“We live in a golden age of criticism,” W.J.T. Mitchell famously declared in 1987, and by that he meant that the dominant literary forms of the late 20th Century—poetry, fiction, drama and film—had lost the supremacy they’d long held to the emergent high-minded fields of literary criticism and literary theory. The Critic and the Artist have always been at odds, though recent writers and schools of poetics have done away with binaries and dissolved the boundaries between the creative and the critical practice. This course will ask: What is criticism for? Where did it come from originally, and what forms has it taken—and tribes have been formed around it—since Aristotle’s Poetics (335 B.C.E.)? How do you write seriously about supposedly unserious things? We’ll revisit pivotal acts of criticism, like Joan Didion’s essay on the so-called Central Park Five; Pauline Kael’s New Yorker review essay about Bonnie and Clyde (it saved the film); and Zadie Smith’s essays about—well, everything. While this is not a Reading and Writing class, students will be using be using our intensive study of criticism and theory as a springboard for their own acts of criticism.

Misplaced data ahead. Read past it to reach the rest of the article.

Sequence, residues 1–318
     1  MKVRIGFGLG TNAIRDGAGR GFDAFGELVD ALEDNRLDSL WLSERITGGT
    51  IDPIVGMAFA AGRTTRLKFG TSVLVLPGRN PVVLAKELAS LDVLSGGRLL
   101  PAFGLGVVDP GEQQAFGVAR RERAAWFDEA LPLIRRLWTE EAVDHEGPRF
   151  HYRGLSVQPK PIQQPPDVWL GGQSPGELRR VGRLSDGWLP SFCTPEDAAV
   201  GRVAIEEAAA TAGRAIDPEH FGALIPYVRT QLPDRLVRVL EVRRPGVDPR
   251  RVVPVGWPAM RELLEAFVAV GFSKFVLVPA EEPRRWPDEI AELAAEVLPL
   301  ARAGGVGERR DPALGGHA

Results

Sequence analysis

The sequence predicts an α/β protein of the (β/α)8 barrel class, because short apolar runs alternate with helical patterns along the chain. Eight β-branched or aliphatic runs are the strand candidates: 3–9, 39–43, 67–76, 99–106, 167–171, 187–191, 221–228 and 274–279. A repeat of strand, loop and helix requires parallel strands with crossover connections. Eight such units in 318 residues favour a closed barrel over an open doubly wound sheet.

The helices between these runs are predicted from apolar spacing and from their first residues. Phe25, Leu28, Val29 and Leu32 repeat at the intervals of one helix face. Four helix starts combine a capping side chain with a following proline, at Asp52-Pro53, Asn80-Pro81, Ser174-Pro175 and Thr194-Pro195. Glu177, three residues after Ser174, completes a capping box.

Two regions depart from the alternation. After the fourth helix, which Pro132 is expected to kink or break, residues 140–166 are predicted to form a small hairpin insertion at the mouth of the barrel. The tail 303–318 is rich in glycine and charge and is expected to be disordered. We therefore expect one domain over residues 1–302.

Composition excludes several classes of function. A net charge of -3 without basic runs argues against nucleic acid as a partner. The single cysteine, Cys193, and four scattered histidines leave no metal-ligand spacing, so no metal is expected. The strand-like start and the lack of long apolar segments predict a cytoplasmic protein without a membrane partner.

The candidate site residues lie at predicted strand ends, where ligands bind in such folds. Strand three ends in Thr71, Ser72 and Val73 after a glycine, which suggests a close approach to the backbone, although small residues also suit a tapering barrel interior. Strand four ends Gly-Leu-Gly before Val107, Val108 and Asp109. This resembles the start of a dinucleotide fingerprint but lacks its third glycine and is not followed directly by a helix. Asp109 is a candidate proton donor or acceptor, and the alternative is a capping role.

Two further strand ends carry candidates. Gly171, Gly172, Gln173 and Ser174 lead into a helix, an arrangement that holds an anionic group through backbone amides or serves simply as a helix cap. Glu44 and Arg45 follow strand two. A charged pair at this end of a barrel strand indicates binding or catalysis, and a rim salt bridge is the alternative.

Delivery Method: Entirely remote (synchronous)
Prerequisites:Interested students should submit a writing sample to firstname.lastname@example.org by Thursday, November 12. Students will be notified of acceptance into the class on Tuesday, November 17.
Corequisites: Please note that students enrolled in this course are required to attend Poetry at Bennington and Literature Evening events on Wednesday nights at 7:00 PM.
Course Level: 4000-level
W 10:10AM-12:00PM, W 2:10PM-4:00PM (Full-term)
Maximum Enrollment: 15
Course Frequency: Every 2-3 years
Categories: All courses , Entirely Remote , Literature
Tags: Criticism , Cultural criticism , Reading and analysis , Writing